2012 Dodge Journey SXT Review
We drive Dodge's mid-size crossover.No Comments
As befits its mission, the Journey struck us as competent in all fields, not standing out in any way.
Is it a minivan? A crossover? Or something in between?
Technically, Dodge's Journey is a crossover. It has four doors (and the rears don't slide) and five seats. But it has a minivan profile and a similar mission.
That may sound harsh. It's not meant to be. Yes, we admit to not exactly being minivan fans. But comparing the Journey to Dodge's own capable Grand Caravan isn't exactly an insult.
Besides, the Journey doesn't drive like a minivan. Or act like one. It just borrows the bland, inoffensive styling, high seating position, and family-hauler mission. It's just that in a sea of crossovers that look like true utility vehicles, the Journey stands out for being better at looking the part of the tall wagon.
Options included the Popular Equipment Group (trip computer, premium cloth bucket seats, 6-way power driver's seat with power 4-way lumbar adjustment, fold-flat passenger seat with built-in storage bin, alarm, daytime running lights, LED lamps, internal observation mirror, remote start, and other features, $995) and the UConnect Voice Command system with Bluetooth (included leather wrapped shift-knob, auto-dimming rearview mirror, leather-wrapped steering wheel, $395). With the $800 destination charge, the as-tested total came to $26,685.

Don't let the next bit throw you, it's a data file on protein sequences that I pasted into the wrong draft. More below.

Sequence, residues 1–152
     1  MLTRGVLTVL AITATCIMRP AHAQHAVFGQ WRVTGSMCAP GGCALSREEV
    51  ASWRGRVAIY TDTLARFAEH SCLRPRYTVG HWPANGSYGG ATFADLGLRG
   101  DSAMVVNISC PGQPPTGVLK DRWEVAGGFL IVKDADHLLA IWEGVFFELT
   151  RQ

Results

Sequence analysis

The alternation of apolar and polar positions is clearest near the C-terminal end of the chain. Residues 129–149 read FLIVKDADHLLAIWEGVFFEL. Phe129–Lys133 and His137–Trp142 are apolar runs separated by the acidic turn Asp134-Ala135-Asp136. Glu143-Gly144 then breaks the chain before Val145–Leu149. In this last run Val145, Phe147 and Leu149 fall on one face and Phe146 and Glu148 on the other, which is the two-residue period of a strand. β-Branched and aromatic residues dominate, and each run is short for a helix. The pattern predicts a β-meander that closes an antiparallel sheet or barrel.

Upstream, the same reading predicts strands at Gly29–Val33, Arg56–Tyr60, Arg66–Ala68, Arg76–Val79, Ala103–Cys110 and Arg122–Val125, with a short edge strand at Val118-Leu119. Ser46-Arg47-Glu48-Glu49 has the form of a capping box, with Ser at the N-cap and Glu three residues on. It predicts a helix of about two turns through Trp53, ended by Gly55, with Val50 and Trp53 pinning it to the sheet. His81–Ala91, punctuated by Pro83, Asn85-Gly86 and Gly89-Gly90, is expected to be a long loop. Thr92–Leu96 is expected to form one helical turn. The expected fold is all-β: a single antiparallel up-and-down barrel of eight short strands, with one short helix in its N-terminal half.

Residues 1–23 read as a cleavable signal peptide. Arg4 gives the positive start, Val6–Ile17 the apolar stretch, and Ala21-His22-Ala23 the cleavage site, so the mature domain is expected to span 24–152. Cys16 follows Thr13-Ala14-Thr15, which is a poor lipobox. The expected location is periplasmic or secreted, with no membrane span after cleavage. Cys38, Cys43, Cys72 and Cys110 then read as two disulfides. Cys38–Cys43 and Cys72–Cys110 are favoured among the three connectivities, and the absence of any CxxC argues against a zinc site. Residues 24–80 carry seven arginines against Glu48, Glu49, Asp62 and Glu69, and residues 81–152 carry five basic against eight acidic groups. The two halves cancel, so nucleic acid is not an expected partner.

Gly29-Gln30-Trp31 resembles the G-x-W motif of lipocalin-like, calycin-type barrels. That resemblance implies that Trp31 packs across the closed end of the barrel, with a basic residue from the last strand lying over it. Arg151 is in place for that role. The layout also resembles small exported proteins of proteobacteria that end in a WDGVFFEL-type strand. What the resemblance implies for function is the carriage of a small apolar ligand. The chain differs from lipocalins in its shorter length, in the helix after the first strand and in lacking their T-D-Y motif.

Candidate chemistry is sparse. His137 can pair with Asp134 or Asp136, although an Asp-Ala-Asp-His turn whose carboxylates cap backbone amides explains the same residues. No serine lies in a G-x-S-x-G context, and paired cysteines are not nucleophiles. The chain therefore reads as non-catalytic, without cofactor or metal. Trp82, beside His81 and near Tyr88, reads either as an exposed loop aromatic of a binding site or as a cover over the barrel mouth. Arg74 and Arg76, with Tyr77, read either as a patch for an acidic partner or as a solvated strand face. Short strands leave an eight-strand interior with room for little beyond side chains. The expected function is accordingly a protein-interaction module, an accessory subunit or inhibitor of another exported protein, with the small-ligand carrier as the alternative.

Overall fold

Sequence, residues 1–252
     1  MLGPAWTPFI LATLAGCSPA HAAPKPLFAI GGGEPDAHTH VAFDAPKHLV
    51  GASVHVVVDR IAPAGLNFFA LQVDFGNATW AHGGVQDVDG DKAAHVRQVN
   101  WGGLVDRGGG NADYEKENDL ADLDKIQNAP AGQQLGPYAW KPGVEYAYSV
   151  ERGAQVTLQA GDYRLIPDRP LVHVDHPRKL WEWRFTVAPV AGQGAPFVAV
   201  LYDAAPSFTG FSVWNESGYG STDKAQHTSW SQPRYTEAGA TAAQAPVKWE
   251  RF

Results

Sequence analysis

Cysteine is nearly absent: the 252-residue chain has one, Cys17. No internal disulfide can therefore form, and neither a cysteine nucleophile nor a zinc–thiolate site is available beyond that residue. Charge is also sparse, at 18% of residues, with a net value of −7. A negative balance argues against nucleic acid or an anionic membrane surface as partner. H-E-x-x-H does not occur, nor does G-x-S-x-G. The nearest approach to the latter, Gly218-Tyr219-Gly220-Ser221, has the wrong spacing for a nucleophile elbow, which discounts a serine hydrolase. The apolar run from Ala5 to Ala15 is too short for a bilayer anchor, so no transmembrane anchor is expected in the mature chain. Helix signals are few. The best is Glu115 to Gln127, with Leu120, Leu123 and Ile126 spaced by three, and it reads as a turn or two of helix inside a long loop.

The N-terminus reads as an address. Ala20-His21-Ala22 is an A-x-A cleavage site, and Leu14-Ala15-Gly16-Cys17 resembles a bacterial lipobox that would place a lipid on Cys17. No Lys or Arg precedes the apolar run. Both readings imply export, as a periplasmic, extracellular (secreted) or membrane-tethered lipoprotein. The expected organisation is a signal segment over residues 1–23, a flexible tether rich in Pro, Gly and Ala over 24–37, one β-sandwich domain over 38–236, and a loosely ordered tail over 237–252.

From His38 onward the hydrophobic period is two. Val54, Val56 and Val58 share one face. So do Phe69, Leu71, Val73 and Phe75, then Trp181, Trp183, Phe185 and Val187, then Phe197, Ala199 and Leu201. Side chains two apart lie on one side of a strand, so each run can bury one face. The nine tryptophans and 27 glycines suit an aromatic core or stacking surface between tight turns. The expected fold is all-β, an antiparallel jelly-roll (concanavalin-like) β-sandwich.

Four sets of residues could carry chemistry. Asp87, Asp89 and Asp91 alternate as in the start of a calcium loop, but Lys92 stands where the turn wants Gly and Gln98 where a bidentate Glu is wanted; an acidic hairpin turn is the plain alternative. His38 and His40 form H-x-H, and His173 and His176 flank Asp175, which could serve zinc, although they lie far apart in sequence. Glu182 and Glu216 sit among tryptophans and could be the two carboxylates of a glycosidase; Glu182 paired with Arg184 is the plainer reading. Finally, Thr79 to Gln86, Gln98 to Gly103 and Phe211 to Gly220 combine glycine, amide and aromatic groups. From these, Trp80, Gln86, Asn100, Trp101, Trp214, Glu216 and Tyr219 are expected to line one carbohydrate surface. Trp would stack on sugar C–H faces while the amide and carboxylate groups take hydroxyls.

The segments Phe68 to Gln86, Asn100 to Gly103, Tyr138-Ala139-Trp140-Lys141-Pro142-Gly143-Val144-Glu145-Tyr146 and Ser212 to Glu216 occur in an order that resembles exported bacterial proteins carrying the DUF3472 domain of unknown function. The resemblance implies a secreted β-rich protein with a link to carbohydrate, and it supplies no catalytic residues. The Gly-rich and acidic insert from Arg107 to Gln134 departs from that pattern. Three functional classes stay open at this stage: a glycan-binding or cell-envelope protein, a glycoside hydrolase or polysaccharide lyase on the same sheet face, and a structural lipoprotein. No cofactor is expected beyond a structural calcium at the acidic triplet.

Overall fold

The high seating position reminded us a bit of driving a van, and the observational mirror seems like a handy way to keep an eye on misbehaving rugrats in the backseat.
For our V-6 SXT, fuel economy is rated at 17 mpg city and 25 mpg highway.
We don't deny it offers some value for the money, or that it's a loyal errand-running servant. Those who want more driving fun or higher amounts of utility might shop elsewhere, but those who like it down the middle with no fuss, the Journey is a solid choice.
And it's definitely not a minivan.